by Jay Lund
Only some parts of the world have safe drinking water almost ubiquitously, and only in the last century. (We lucky few!) In these countries, drinking water safety relies on a complex portfolio of actions and accountability by individuals, industries, and diverse layered units of government. The provision of safe drinking water is another example of portfolio approaches to water management.
Safe drinking water usually occurs through a so-called “multiple barriers” approach, an effective way to structure actions when failures have especially dire consequences. A multiple barriers approach attacks water contamination at several points between water sources and water users. Because no single barrier to contamination is perfect, erecting multiple barriers can increase the stability and reliability of drinking water safety at a lower cost.
Table 1: Multiple barriers to waterborne diseases
|Multiple-barriers Infrastructure||Multiple Accountability|
|1. Banned/regulated chemicals and activities||Local water utility, elected boards|
|2. Source protection: Rivers, lakes, reservoirs, groundwater||Public health agencies|
|3. Drinking water treatment||State regulators|
|4. Distribution system||Federal regulators|
|5. Public health system||Professional societies|
|Universities, NGOs, media|
The left column of Table 1 lists common layers of barriers to prevent drinking water contamination. These wide-ranging activities include:
- Banning and regulating risky chemicals and activities. These barriers suppress or regulate potential contaminants in the entire economy and watershed, making them less available to enter drinking water systems. Some chemicals are banned (e.g., DDT ) from the economy and some are limited or regulated (some pesticides, lead, arsenic, and SO2 air emissions) so they are less likely to exist or escape into watersheds and water sources.
- Water source protection. These activities focus on reducing the availability and frequency of contaminants in streams, reservoirs, and groundwater which supply a drinking water system. These can include upstream wastewater treatment, septic system regulations, erosion management, and managing lake and stream water quality to help keep contaminants from arriving at drinking water system intakes.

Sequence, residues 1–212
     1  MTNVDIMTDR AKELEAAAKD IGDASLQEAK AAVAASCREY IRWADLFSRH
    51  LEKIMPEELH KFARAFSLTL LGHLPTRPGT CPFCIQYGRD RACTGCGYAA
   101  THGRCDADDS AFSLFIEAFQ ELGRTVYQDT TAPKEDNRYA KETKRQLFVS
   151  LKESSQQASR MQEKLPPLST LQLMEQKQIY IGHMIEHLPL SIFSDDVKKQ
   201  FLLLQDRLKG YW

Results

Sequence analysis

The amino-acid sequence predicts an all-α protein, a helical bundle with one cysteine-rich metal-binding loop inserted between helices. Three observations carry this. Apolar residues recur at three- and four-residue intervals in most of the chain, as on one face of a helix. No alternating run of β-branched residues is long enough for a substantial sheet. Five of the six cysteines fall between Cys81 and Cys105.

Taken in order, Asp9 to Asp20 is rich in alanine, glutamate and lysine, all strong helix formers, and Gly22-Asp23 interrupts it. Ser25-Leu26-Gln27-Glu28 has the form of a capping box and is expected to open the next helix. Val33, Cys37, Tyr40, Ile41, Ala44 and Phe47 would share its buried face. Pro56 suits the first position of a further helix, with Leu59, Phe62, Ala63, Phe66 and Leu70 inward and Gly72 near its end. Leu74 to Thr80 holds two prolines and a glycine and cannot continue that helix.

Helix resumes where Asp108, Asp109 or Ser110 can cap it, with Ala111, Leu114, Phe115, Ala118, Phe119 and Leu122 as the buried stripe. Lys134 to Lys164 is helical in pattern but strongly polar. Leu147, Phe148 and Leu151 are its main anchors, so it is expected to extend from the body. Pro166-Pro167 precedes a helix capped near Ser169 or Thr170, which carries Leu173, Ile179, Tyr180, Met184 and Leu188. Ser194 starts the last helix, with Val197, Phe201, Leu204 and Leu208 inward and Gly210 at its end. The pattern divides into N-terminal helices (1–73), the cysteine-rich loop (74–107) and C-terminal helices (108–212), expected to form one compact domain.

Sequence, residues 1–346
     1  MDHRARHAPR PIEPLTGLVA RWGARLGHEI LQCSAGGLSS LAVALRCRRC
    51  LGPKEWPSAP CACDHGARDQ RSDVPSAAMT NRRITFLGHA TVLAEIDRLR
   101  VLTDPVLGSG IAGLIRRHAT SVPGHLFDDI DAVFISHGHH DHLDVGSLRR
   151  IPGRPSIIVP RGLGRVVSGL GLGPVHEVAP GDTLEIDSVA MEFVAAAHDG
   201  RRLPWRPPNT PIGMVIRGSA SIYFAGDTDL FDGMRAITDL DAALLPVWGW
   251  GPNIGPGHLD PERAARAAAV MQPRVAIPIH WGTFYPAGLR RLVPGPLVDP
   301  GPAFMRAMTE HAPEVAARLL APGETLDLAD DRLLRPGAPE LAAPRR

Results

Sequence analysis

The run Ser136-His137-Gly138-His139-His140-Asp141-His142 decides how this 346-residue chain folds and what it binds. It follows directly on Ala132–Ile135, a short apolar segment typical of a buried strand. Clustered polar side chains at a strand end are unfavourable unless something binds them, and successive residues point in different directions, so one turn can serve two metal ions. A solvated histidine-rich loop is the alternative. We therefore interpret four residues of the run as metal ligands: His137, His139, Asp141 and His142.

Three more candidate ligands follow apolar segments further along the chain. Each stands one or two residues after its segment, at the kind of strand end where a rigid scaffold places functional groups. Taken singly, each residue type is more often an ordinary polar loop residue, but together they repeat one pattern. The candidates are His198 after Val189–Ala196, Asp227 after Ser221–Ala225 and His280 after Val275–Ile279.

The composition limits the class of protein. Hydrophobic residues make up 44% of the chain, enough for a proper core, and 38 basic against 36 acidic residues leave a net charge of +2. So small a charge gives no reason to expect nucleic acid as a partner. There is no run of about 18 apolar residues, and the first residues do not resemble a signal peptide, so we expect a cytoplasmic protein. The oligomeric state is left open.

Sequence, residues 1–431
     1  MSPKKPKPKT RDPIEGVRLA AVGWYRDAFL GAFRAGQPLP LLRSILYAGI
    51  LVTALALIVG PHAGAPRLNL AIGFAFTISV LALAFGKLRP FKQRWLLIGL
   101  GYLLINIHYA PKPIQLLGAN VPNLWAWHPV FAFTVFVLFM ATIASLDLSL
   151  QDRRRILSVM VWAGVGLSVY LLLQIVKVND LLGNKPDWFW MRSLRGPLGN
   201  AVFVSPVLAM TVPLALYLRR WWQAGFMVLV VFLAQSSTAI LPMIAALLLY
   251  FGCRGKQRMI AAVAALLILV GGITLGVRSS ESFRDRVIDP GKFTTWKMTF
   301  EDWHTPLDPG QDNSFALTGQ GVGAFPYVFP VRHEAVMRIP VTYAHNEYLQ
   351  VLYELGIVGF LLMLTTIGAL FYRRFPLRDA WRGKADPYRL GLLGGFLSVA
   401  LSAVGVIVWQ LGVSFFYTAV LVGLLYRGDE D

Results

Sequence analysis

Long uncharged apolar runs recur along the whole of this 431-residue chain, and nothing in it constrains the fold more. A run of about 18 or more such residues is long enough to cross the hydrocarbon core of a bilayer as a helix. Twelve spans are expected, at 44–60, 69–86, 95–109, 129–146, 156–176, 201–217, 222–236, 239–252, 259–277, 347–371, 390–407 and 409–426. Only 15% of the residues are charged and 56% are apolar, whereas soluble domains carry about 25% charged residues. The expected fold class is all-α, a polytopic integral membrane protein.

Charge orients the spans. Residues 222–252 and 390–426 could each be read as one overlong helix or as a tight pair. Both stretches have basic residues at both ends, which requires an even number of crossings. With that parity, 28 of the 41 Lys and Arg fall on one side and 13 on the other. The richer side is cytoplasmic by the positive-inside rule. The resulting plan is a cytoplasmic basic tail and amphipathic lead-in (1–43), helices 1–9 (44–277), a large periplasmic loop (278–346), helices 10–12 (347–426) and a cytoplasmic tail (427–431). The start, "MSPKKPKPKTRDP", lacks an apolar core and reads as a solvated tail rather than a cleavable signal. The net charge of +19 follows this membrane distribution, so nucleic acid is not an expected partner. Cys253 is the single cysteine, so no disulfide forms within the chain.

- Treatment of water entering drinking water infrastructure. Drinking water treatment often includes several layers of treatment from settling (and enhanced settling), filtration (sometimes through several filter types and layers), and one or more forms of water disinfection.
- Distribution system. These barriers prevent new contaminants from entering the water distribution system by maintaining positive pipeline pressures, regulating cross-connections, and other measures. In addition, a residual disinfectant (usually chlorine-based, sometimes with disinfection boosters in large distribution networks) is usually maintained to attack any surviving or entering pathogens in the water distribution system. Local flushing also is sometimes used to reduce residence times of treated water in parts of the distribution systems.
- Public health system. If previous barriers fail, it is important to have a public health system which responds with additional public actions to ensure public safety, such as through the utility and public health officials issuing warnings for vulnerable populations, restrictions on particular water uses, or “boil water” orders for some types of contaminants. In addition, the professional public health system detects any waterborne disease and investigates to find and correct its origins. The public health system also can organize and apply medical treatment of any illness not prevented by the drinking water system.
Contaminants often have different properties and likelihoods of being introduced into different water system parts, having managing multiple barriers is more likely to intercept contaminants. Also, not all contaminants are known and it is usually impossible to monitor for all possible contaminants in a timely way. Overall, having multiple barriers increases general water purity and safety.
Barriers for drinking water safety have advanced tremendously. From ancient times until the 19th century, only selecting better-quality source water, preventing contamination of stored water, and boiling water just before use were widely available to protect drinking water (Frontinus 97 AD). Only in recent times have new technologies and institutions greatly improved and diversified contamination barriers for drinking water safety (Tarr 1984; McGuire 1999).
A second side of multiple barrier approaches is the multiple layers and paths of accountability for drinking water safety, summarized in the second column of Table 1. People and institutions are imperfectly reliable, so having multiple layers of institutions and people, often with interacting legal responsibilities and authorities improves overall system safety. The result is a diverse and mutually-reinforcing ecosystem of institutions and people with means and responsibilities for drinking water safety. These groups of people span several levels of government as well as professional groups without official drinking water responsibilities.